I spooned the chicken filling into the center of each one in a row...
...then rolled it up like a cigar. It's important not to overstuff at this stage. Just a few tablespoons of filling per tortilla will do.
I tucked them into a casserole dish layered with a bit of extra sauce as I worked, making sure to place them seam side-down so that they wouldn't unravel in the process. After spooning on a little more sauce, I was at a critical juncture. Do I go full-on Tex-Mex with melty Jack or Cheddar cheese, or do I keep things a little more austere and traditional?
It wasn't really a hard question to answer. Bring on the cheese, please.
Here's a quick trick: You want to make sure that your cheese stays gooey and moist as it bakes? Drizzle on some extra sauce on top of the grated cheese. Just like it does with a Trenton-style Tomato Pie (what they call pizza over there), the cheese comes out extra gooey this way.
I covered the dish with aluminum foil (another thing that'll help melt that cheese without drying it out), then popped it in the oven for about ten minutes before removing the foil. I almost popped it straight back in to finish uncovered (just to get some bubbling and browning action going on), but who am I kidding? It needed more cheese before that happened.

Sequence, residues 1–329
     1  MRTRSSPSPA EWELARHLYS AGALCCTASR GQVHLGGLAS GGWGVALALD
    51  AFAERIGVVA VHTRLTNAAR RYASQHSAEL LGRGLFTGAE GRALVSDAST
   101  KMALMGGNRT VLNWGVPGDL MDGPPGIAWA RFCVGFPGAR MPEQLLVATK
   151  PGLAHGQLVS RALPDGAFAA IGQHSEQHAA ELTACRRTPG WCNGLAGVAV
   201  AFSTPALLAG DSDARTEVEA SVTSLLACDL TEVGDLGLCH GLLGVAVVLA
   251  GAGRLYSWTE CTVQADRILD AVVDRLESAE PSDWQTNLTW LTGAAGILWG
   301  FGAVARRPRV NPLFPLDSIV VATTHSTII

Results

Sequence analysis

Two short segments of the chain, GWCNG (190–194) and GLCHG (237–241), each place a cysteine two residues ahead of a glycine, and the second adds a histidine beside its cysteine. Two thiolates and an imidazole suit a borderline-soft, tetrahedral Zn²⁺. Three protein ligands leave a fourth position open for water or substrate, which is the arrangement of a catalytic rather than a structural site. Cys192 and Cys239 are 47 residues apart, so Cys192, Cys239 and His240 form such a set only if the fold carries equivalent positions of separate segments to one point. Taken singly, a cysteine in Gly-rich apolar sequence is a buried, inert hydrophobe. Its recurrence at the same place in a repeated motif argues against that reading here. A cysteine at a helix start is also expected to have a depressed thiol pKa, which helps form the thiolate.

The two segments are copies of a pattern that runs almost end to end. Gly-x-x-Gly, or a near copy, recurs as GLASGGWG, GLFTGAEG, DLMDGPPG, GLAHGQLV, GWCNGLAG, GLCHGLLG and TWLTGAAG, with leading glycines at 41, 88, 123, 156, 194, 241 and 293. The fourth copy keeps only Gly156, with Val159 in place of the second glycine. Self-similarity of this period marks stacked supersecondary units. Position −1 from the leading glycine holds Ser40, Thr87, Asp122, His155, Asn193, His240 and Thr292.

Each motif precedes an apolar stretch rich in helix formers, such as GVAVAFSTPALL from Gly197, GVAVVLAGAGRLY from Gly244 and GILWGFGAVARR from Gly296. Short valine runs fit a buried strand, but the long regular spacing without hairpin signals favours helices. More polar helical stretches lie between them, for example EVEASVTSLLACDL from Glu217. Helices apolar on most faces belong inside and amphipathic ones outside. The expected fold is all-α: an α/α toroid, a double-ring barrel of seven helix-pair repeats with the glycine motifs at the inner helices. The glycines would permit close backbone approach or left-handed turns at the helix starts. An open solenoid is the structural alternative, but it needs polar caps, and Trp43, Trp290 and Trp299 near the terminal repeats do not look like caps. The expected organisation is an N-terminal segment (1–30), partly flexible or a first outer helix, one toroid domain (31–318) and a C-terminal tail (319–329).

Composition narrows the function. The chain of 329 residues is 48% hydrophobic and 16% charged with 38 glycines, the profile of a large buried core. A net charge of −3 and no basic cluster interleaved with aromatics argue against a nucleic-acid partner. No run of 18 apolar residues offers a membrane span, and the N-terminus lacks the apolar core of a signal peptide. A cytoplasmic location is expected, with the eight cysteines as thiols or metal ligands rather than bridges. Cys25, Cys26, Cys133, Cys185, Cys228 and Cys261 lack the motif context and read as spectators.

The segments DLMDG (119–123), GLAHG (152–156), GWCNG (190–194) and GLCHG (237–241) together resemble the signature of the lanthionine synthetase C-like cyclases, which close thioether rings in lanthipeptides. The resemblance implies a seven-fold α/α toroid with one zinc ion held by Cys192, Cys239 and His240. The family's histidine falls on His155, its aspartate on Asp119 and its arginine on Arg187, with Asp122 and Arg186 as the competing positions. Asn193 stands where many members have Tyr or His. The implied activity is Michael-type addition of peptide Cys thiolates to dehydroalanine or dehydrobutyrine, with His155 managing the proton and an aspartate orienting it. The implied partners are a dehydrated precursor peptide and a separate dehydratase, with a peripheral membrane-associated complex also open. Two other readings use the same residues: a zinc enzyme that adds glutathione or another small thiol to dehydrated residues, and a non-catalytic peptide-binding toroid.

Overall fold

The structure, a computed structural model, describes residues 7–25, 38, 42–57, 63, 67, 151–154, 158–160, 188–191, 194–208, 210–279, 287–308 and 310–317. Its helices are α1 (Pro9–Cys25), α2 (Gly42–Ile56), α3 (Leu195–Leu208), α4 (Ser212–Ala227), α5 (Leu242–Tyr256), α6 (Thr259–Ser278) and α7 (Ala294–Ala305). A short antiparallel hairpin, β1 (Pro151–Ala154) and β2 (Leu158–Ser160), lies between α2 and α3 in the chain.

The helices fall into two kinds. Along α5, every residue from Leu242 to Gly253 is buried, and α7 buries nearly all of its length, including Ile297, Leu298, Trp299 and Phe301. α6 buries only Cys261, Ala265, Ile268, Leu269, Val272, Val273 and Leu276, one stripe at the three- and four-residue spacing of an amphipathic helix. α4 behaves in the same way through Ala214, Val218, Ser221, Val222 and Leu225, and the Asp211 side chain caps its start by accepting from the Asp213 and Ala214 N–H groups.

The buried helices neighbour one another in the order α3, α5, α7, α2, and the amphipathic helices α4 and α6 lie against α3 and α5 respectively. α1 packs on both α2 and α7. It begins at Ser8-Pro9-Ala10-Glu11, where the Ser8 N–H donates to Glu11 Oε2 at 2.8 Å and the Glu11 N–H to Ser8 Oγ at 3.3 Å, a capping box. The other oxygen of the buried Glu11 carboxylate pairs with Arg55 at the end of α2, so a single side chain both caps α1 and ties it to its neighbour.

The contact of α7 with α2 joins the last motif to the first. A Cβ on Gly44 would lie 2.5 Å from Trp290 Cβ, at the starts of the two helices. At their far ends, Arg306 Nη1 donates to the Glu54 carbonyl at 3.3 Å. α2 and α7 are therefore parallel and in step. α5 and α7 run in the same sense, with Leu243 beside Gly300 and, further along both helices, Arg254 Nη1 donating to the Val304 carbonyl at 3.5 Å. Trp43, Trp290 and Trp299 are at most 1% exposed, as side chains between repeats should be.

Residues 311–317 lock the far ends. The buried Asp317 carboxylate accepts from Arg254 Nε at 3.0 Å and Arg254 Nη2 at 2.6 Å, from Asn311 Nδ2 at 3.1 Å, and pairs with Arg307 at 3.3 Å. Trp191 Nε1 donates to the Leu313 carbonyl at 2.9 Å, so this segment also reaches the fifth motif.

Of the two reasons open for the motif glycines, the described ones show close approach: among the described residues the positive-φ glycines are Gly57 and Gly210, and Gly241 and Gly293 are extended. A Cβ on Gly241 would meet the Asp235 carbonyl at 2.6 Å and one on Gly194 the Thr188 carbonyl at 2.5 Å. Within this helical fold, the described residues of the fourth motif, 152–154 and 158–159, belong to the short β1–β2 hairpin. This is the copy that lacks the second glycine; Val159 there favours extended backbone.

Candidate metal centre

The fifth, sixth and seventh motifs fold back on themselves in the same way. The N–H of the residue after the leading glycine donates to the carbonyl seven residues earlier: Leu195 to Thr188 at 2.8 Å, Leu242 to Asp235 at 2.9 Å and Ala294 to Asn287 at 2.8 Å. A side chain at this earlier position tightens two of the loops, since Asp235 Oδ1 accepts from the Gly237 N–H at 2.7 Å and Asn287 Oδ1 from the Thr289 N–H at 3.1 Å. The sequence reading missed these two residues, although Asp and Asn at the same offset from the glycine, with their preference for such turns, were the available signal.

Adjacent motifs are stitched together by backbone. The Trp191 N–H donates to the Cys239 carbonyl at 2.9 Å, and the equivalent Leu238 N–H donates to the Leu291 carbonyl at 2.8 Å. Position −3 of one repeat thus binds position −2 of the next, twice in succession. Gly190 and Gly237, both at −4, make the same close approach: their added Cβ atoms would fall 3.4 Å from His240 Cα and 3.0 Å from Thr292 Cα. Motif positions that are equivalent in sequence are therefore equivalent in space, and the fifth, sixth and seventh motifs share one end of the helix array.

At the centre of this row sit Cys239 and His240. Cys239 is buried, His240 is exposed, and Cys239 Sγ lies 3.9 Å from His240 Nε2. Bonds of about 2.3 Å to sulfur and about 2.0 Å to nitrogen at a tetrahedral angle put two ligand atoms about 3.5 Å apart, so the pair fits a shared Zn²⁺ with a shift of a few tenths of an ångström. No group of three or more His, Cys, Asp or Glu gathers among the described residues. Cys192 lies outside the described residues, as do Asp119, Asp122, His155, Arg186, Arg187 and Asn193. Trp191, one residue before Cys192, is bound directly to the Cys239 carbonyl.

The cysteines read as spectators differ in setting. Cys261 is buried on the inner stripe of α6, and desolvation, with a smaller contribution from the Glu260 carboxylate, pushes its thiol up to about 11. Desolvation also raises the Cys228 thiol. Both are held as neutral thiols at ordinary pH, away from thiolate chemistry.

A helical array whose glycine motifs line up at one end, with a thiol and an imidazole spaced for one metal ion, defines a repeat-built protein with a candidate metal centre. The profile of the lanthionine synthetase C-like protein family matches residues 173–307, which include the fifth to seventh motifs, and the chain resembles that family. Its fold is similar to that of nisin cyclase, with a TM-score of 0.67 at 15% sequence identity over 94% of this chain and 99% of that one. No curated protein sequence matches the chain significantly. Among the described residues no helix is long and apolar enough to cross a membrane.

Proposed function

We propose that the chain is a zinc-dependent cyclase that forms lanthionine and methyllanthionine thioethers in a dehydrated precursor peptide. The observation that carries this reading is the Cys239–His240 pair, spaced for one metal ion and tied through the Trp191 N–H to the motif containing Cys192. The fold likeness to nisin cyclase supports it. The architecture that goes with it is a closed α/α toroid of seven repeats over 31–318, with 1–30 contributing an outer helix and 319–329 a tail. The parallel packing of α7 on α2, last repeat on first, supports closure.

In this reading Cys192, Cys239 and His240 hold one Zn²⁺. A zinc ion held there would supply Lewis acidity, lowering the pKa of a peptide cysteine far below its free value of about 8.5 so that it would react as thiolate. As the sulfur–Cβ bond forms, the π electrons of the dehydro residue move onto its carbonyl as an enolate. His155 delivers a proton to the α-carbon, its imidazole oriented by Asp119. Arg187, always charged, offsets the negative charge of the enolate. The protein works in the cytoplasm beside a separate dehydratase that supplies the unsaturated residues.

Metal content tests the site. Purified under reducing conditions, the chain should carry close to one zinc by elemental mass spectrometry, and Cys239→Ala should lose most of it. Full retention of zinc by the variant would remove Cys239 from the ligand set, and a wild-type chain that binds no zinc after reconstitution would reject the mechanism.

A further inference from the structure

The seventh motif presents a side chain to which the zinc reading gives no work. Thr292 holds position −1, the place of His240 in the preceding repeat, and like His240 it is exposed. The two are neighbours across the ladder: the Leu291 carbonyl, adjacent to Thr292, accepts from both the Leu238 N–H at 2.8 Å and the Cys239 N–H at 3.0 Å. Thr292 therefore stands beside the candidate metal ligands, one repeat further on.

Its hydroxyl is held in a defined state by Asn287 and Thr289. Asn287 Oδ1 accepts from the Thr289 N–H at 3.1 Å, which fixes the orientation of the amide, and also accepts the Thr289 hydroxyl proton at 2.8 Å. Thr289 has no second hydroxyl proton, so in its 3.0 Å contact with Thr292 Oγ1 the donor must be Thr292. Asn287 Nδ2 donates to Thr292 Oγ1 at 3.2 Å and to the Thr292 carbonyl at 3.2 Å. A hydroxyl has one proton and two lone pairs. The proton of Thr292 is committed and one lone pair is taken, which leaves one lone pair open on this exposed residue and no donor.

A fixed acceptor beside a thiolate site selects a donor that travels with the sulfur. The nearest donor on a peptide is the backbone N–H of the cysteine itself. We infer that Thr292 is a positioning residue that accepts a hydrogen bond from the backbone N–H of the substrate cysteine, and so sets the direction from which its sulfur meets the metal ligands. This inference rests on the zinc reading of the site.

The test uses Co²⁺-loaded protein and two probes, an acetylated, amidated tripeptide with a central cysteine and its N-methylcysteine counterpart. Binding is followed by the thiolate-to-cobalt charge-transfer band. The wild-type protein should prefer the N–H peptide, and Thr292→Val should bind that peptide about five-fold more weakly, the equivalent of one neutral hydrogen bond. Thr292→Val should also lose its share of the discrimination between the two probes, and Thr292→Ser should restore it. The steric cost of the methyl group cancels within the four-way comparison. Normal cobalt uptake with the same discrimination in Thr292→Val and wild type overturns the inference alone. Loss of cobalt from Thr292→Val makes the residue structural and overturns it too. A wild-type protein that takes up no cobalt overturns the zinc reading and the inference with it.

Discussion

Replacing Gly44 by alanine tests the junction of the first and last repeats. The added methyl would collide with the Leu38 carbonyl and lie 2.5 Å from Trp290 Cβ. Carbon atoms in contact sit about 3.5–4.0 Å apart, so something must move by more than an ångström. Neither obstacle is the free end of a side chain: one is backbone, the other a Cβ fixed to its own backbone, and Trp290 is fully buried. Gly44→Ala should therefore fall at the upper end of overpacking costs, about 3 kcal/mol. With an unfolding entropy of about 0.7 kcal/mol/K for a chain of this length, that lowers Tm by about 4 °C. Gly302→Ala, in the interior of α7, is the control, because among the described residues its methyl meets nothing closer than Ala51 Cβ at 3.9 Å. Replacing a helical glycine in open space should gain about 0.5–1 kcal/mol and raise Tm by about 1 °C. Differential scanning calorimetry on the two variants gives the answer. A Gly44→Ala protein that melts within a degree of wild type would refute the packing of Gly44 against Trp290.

A big handful of grated cotija to melt in with the cheddar. Of course, I reserved some of that cotija to sprinkle on just before serving as well. I speculated that I apply my enchilada cheese almost exactly the same way I apply mozzarella and Parmesan on my pizza: sauce and melty cheese on the bottom, grated hard cheese on top, baked hot, then a finishing layer of grated hard cheese after it comes out of the oven for some extra-fresh bite. Perhaps there's some sort of underlying order to the universe dictated by cheese layering after all. This will require further speculation and analysis.
But it'll have to wait. For now, there was a hot tray of enchiladas on my dining room table and they sure as heck weren't going to eat themselves.
I could have pretended that I'd toiled over the stove all day instead of taking the quick and easy pressure-cooker route in order to justify the rate at which I wolfed these down, but honestly, you don't really need justification when faced with something this delicious, now do you?